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  4. #314
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    Re: Health Bulletin

    What your smile reveals about you

    When you meet someone new within seconds, your subconscious makes an assessment of that person based on various factors, one of which is the size and shape of a person's teeth.

    Cosmetic dentist Dr Christian Coachman said that the studies have shown that it is virtually instantaneous and before the info reaches the visual cortex in brain, people subconsciously make a list of conclusions about them and then respond accordingly.

    According to cosmetic dentists, models, film stars and even politicians take help of their smile to shape their public image, which is the reason why many undergo cosmetic procedures to give them the impression that they want, Stuff.co.nz reported.

    Cosmetic dentist Dr David Dunn said that square teeth give a masculine impression, asserting that Halle Berry's square-shaped teeth can give the impression that she is in control, relatively unemotional and calm, as well as diplomatic, objective and entrepreneurial.

    In comparison oval teeth, signals sadness and pensiveness about life, as well as giving the impression a person is organised, artistic and possibly timid in personality.

    Four personality types are linked with people's teeth: sanguine or dynamic (triangular-shaped), choleric or strong (rectangular-shaped), melancholic or sensitive (oval-shaped) and phlegmatic or peaceful (square-shaped).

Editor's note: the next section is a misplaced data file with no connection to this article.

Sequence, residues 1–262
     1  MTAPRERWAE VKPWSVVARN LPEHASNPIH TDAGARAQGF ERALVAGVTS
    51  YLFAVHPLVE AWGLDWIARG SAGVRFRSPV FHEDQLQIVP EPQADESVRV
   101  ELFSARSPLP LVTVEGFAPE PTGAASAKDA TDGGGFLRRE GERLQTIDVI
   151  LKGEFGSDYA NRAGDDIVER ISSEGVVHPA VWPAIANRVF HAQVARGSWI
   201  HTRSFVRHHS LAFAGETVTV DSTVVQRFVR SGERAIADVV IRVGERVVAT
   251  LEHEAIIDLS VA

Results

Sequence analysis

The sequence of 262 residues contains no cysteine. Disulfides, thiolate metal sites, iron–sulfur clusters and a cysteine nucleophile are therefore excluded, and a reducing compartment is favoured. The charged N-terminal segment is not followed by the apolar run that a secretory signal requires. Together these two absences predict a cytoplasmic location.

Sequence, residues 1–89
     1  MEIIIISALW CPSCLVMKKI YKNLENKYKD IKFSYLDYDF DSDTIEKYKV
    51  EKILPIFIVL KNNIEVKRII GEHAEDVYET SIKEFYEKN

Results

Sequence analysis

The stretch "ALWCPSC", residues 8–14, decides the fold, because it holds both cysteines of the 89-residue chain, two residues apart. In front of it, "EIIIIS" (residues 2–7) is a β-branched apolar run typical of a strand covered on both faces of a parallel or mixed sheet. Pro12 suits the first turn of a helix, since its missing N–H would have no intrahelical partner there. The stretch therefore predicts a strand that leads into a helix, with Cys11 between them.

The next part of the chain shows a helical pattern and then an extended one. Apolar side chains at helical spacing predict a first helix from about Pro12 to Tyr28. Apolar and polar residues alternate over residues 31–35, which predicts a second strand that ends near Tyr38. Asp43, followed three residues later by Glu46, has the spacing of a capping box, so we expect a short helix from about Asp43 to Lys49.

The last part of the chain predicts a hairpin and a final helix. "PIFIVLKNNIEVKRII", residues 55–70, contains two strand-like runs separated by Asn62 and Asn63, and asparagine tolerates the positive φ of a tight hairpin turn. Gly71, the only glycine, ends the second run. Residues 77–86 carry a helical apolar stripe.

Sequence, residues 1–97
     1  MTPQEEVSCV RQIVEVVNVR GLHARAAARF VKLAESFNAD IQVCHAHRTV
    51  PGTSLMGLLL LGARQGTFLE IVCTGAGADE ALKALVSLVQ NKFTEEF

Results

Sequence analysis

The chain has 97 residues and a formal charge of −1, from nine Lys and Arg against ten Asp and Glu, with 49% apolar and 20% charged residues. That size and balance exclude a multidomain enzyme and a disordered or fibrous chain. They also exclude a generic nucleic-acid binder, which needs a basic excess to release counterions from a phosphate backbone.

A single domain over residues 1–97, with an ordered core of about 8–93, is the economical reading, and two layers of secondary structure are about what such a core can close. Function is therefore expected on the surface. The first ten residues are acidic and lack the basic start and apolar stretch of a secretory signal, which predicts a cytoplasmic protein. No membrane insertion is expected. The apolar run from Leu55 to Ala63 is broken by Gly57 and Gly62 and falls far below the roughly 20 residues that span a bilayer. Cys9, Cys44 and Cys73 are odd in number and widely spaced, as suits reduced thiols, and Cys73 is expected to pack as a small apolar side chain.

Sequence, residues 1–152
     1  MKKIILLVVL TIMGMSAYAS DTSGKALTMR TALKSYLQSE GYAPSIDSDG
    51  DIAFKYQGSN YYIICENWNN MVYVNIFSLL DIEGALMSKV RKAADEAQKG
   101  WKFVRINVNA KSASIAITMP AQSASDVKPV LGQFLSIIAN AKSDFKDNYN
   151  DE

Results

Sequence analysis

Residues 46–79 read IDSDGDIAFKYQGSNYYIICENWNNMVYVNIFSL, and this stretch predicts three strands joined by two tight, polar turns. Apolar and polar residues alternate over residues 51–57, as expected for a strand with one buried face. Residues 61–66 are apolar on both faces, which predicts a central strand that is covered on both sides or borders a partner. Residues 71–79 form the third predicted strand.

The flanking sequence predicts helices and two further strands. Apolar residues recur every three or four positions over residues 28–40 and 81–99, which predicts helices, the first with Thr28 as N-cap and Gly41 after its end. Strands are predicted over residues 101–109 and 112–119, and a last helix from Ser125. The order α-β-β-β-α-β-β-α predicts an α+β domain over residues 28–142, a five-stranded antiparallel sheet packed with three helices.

Many people are a combination with a mixed group of different shaped teeth, so they give off a range of messages.

    Sydney psychologist Janine Rod said that if she were to rank all the factors that go into creating a likable personality, she would place a friendly smile at the top of the list.

    She added that a warm, authentic smile communicates feelings that words alone are unable to accomplish.

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  5. #315
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    Re: Health Bulletin

    Short walks around office checks diabetes

    A new study suggests that taking a two-minute stroll around the office every half hour could save millions from the misery of diabetes.

    Leaving the desk for a walkabout can have a bigger impact on your health than a brisk 30-minute walk before work, the Daily Express reported.

    Anthony Barnett, Emeritus Professor of Medicine at the Heart of England NHS Foundation Trust, said lifestyle changes can significantly reduce the risk of Type 2 diabetes, which is reaching epidemic proportions in Britain.

    He said that short bursts of regular exercise in people with sedentary occupations appears to be at least as good as longer, but less frequent, periods of exercise in improving sugar and fat levels.